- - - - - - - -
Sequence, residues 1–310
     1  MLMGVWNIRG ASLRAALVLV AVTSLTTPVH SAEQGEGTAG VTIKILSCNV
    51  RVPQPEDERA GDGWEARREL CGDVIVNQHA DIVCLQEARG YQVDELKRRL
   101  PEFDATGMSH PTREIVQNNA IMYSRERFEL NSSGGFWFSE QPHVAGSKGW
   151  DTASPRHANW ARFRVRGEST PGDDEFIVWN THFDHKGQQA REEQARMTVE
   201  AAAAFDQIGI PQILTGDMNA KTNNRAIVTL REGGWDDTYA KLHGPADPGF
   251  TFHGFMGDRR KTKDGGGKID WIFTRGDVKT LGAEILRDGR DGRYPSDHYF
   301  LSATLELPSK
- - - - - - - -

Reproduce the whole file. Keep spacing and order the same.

Sequence, residues 1–310
     1  MLMGVWNIRG ASLRAALVLV AVTSLTTPVH SAEQGEGTAG VTIKILSCNV
    51  RVPQPEDERA GDGWEARREL CGDVIVNQHA DIVCLQEARG YQVDELKRRL
   101  PEFDATGMSH PTREIVQNNA IMYSRERFEL NSSGGFWFSE QPHVAGSKGW
   151  DTASPRHANW ARFRVRGEST PGDDEFIVWN THFDHKGQQA REEQARMTVE
   201  AAAAFDQIGI PQILTGDMNA KTNNRAIVTL REGGWDDTYA KLHGPADPGF
   251  TFHGFMGDRR KTKDGGGKID WIFTRGDVKT LGAEILRDGR DGRYPSDHYF
   301  LSATLELPSK